Josh Hatter is a technologist and former broadcast and digital operations executive. His experience includes deploying high performance technology infrastructure, designed asset management tools and defined worfklows used in the production of online, broadcast and cinematic content at media companies like TMZ and Revolt TV. He has overseen Engineering, IT and Systems Administration teams supporting an array of business verticals. Josh currently provides consulting services throughout the country in addition to advising and mentoring startups.
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When Exactly IS The Right Time To Innovate - by Josh Hatter
Designing and building out greenfield technical operations facilities can be a daunting task. Creating a technology budget, fighting to retain that budget, and utilizing the inevitable value engineering process to trim down to the absolute essentials is what I usually wind up going through. Something else to consider is the increasingly fast pace at which technology evolves, resulting in the original design becoming obsolete some time between week one and week thirty six of the job. Technological evolution can be beneficial by forcing me to innovate in areas that I might not consider.
I have a few criteria I evaluate when considering a non-traditional, bleeding edge or innovative solution to a problem:
- Does the solution save money? I mean real money, and not by cutting corners or an unstable environment resulting in an increase in downtime or a lot of overtime support hours.
- Does the solution save significant time? Does it save enough time to be worth the risk of being an early (or only) adopter, or maybe using consumer products in an enterprise environment?
- Does the innovative solution solve a problem unique to my company?
- Does the solution increase operational flexibility? If there's one thing that drives me nuts, it's throwing money at a product that can only do one very specific function and cannot be used in any other way. There's nothing worse than having a storage room full of once-expensive hardware gathering dust.
When building out Revolt TV, there were a variety of challenges that most startups have. One of the bigger and potentially costly problems that needed to be solved was how to interconnect two buildings full of employees and core services located half a block from each other. Early in the design process, I spoke to multiple networking vendors and ISPs about the challenge of connecting two buildings with very high data bandwidth capacity, a dozen baseband video circuits, two dozen audio channels, VoIP, internet services and support for broadcast communication hardware. The bids I received were staggering, some running almost half a million dollars annually to accomplish what I was looking for.
I kept looking. Every vendor I spoke with got to hear about my challenge of connecting the buildings. Some really smart people made some suggestions. We could use line of site microwave, but would be limited to a 1gig pipe per pair of dishes. We could put all production staff in one building for high bandwidth connectivity to core services, and use MPLS or VPN connections for the rest of the staff to access business resources by having internet connectivity at each location. We could cut back on our operational functionality and requirements. I didn't hear any viable solution I could take back to the executive team, so I kept networking and seeing what other people were doing.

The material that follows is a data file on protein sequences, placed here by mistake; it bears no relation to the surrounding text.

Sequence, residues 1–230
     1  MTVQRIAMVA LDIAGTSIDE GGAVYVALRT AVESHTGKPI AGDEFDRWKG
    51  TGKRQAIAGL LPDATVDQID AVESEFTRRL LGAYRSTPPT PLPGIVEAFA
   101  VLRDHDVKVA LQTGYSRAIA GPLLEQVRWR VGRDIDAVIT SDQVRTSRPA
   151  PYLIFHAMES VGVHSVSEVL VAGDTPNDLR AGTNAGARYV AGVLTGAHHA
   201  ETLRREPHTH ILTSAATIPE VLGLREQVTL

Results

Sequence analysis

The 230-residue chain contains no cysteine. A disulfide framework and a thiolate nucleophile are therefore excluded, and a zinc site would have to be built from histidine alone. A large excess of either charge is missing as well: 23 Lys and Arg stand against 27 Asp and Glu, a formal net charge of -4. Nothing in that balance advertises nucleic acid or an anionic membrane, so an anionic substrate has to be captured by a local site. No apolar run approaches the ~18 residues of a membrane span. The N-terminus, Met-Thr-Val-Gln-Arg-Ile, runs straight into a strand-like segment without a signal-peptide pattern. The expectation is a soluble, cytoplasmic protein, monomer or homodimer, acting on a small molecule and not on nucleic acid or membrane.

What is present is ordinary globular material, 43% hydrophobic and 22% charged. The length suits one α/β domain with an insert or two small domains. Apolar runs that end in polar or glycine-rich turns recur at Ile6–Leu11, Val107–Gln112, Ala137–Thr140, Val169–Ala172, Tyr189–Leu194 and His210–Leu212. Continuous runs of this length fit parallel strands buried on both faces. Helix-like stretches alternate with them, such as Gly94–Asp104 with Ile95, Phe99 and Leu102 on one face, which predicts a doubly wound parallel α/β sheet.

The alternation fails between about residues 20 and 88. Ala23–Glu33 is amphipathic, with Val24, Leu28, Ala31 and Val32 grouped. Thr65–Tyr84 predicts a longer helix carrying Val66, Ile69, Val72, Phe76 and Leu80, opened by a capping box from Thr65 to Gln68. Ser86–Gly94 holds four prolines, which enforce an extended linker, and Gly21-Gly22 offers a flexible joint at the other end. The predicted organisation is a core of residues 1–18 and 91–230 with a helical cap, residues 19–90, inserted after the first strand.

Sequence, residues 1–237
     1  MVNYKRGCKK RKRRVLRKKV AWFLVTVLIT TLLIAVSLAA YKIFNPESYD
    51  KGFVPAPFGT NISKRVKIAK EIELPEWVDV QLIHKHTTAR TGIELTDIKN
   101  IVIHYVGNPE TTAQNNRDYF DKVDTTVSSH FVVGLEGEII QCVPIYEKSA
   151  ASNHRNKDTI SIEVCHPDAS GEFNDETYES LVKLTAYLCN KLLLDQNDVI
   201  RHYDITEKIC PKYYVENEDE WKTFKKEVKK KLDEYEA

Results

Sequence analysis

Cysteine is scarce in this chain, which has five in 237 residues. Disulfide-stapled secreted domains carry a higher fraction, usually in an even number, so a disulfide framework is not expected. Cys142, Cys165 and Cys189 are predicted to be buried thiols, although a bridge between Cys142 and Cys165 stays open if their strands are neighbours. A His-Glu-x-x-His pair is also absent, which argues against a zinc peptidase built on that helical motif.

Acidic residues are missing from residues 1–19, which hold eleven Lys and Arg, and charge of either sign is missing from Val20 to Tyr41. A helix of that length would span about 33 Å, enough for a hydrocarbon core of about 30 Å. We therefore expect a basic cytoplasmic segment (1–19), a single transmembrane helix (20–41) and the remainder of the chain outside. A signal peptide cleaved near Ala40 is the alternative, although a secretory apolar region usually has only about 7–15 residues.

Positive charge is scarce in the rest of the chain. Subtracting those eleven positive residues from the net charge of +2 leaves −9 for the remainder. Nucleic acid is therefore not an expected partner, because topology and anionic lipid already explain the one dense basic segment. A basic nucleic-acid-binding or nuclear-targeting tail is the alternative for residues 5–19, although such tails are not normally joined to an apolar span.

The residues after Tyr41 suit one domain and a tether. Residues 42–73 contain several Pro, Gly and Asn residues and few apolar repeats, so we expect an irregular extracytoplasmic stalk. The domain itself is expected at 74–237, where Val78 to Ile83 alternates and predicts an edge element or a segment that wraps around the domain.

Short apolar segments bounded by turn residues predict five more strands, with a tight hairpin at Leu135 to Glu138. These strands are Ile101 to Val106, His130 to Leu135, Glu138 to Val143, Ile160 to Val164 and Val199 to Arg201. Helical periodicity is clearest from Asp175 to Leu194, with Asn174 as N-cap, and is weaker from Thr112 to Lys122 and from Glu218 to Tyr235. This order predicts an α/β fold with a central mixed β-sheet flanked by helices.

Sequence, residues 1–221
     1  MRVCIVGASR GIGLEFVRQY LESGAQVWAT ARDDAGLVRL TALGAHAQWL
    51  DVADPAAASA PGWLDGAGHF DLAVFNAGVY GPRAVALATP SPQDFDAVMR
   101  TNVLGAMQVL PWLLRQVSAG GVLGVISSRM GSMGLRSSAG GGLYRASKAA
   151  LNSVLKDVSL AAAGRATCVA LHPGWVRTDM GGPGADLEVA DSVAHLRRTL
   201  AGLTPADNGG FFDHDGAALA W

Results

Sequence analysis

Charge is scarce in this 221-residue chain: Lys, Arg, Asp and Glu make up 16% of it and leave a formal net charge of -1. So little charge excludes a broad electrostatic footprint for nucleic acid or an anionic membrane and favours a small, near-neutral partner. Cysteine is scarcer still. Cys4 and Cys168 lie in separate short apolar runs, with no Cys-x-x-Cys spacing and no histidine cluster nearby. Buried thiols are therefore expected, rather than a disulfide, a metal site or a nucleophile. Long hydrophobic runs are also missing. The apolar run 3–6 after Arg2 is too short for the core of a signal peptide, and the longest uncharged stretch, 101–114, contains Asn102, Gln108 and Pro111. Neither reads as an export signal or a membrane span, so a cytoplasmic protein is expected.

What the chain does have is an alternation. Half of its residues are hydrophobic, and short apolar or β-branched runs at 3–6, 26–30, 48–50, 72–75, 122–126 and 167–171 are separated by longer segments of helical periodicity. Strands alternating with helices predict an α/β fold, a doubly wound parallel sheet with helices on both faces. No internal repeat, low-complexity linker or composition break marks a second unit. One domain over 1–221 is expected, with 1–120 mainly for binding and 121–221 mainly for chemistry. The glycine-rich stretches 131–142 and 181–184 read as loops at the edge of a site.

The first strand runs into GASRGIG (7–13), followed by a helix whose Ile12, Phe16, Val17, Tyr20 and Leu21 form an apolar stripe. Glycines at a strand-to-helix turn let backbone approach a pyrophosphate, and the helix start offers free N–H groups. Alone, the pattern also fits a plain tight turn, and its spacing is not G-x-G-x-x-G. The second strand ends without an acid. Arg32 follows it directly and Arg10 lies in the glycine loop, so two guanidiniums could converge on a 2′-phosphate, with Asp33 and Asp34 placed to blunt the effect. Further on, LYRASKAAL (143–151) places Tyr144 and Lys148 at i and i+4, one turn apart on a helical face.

One day I had lunch with two serious heads; one of the many brilliant engineers I have met over the years, as well as the storage and networking vendor I was using on the project. The engineer suggested we look at CWDM technology. CWDM, or Course Wavelength-Division Multiplexing, creates dedicated wavelengths, or colors of the light spectrum, to be used with specific services over fiber optic cable. As my networking vendor and I dug in further, we realized that this was a very economical solution that required less than ten thousand dollars worth of hardware in each building. A dedicated wavelength per service allowed us to accomplish every single requirement listed above, with room for expansion! The last hurdle was to get a dedicated point to point, dark fiber circuit between the two buildings. This was accomplished via a one time commissioning fee for splicing fiber across and up the street, and running the circuit into our spaces in each building.
This innovative solution worked right out of the box. The cost of hardware and commissioning was less than $50k. In fact, it worked so well that we did the same thing down to 1 Wilshire, where all fiber and networking services are terminated in Hollywood. The effect of this install resulted in delivering our secondary video signal to our uplink facility at a fraction of the recurring monthly cost of leasing video fiber from traditional carriers. It also meant we had no "last mile" costs, and could potentially link directly to any vendor located at 1 Wilshire with a patch cable.
When done right, innovation can decrease OpEx, increase productivity, provide maximum flexibility and growth potential, and make you look like a rock star. Just make sure that a novel approach to a challenge is being done for good reason, or your team might be spending some long days and nights supporting flaky systems in the name of innovation.